Our public life reflects this lack everywhere. The newspapers and magazines, the theatres and the social-reform movements, are more and more made for a public which looks only to be entertained, and which has lost the power of sustained attention to that which is not attractive in itself …
If the nation is not to suffer by a cheap complacency, and the triumph of ostentatious mediocrity, the whole educational life must be filled with a new spirit of devotion to serious tasks.
Volume 104, No. 4, pp. 453–460
By James Hilton
James Hilton’s novella about an aging schoolmaster at a boarding school first appeared in an evangelical newspaper called the British Weekly in 1933. When a friend of The Atlantic's editor, Ellery Sedgwick, happened to see the piece in galleys at the British Weekly’s offices, he liked what he saw and cabled Sedgwick to tell him about it. Sedgwick soon met with the obscure young author and obtained permission to publish the story as the lead feature in the April 1934 Atlantic. It thereupon found widespread popularity, vaulting Hilton to the ranks of best-selling authors, and Mr. Chips to the status of a beloved classic. The actor Robert Donat later earned an Oscar for his portrayal of Mr. Chips in the 1939 film version.
Across the road behind a rampart of ancient elms lay Brookfield, russet under its autumn mantle of creeper. A group of eighteenth-century buildings centred upon a quadrangle, and there were acres of playing fields beyond … It was the sort of school which, when mentioned, would sometimes make snobbish people confess that they rather thought they had heard of it.
But if it had not been this sort of school it would probably not have taken Chips. For Chips, in any social or academic sense, was just as respectable, but no more brilliant, than Brookfield itself.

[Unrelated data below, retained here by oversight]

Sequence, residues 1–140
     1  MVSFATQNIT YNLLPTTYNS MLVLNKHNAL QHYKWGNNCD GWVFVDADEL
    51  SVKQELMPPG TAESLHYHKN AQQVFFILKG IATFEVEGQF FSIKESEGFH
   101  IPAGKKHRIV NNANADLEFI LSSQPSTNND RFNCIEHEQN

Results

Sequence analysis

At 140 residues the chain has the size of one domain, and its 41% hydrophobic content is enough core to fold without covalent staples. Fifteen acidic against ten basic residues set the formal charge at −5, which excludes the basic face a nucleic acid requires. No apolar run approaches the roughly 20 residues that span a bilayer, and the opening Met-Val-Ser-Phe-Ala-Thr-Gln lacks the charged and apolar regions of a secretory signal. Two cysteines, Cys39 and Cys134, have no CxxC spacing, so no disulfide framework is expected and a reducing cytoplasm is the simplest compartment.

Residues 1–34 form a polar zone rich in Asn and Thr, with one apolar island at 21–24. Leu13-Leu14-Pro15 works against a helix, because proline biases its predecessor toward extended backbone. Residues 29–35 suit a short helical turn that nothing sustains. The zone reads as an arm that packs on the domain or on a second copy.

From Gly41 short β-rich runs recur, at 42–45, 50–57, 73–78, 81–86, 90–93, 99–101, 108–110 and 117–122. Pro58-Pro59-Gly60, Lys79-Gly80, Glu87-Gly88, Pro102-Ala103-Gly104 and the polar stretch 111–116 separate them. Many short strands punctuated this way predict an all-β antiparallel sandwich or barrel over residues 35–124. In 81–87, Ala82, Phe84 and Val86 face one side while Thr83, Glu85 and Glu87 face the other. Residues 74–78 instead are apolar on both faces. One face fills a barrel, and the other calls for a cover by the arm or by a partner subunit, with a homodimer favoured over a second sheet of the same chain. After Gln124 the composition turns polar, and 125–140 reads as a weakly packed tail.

It had taken him some time to realize this, at the beginning. Not that he was boastful or conceited, but he had been, in his early twenties, as ambitious as most other young men at such an age. His dream had been to get a headship eventually, or at any rate a senior mastership in a really first-class school; it was only gradually, after repeated trials and failures, that he realized the inadequacy of his qualifications. His degree, for instance, was not particularly good, and his discipline, though good enough and improving, was not absolutely reliable under all conditions. He had no private means and no family connections of any importance. About 1880, after he had been at Brookfield a decade, he began to recognize that the odds were heavily against his being able to better himself by moving elsewhere; but about that time, also, the possibility of staying where he was began to fill a comfortable niche in his mind. At forty, he was rooted, settled, and quite happy. At fifty, he was the doyen of the staff. At sixty, under a new and youthful Head, he was Brookfield—the guest of honor at Old Brookfeldian dinners, the court of appeal in all matters affecting Brookfield history and traditions. And in 1913, when he turned sixty-five, he retired, was presented with a check and a writing desk and a clock, and went across the road to live at Mrs. Wickett’s. A decent career, decently closed; three cheers for old Chips, they all shouted, at that uproarious end-of-term dinner.
Three cheers, indeed; but there was more to come, an unguessed epilogue, an encore played to a tragic audience.
Volume 153, No. 4, pp. 385–512
By James Bryant Conant
In 1940, James Bryant Conant, a research chemist and the president of Harvard University, argued that America’s educational system should be reconfigured to foster the success not just of those who excel at book learning, but also of those whose strengths lie elsewhere.
Our secondary-school system is a vast engine which we are only beginning to understand. We are learning only slowly how to operate it for the public good …